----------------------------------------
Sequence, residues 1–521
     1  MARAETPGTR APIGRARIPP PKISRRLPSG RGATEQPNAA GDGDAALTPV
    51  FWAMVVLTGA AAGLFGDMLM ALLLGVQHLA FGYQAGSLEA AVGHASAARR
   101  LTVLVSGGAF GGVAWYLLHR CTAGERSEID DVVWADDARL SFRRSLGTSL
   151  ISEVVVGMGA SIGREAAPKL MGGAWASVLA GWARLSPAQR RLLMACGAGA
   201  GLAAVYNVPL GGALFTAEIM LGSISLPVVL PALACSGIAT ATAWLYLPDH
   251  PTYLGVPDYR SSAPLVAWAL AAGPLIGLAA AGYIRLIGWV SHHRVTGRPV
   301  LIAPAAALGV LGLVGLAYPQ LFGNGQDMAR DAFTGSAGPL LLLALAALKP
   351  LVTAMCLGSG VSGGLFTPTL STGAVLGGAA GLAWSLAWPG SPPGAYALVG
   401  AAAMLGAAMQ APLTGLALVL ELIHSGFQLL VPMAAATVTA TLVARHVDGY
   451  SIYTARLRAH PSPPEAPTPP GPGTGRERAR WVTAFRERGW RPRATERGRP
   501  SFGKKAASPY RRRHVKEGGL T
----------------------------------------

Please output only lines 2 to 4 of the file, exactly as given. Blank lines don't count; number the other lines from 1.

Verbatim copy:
     1  MARAETPGTR APIGRARIPP PKISRRLPSG RGATEQPNAA GDGDAALTPV
    51  FWAMVVLTGA AAGLFGDMLM ALLLGVQHLA FGYQAGSLEA AVGHASAARR
   101  LTVLVSGGAF GGVAWYLLHR CTAGERSEID DVVWADDARL SFRRSLGTSL